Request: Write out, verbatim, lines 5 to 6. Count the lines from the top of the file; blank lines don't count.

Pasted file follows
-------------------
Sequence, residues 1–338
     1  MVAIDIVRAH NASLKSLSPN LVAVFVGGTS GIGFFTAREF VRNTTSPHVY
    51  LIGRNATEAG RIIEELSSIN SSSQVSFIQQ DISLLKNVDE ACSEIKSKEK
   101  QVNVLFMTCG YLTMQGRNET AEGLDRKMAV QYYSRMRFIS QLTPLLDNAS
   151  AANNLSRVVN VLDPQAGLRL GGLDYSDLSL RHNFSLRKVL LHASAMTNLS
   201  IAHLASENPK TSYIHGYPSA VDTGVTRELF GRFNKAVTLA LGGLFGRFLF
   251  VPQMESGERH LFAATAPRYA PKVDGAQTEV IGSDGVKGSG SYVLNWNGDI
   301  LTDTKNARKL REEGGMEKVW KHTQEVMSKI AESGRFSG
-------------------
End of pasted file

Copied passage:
   151  AANNLSRVVN VLDPQAGLRL GGLDYSDLSL RHNFSLRKVL LHASAMTNLS
   201  IAHLASENPK TSYIHGYPSA VDTGVTRELF GRFNKAVTLA LGGLFGRFLF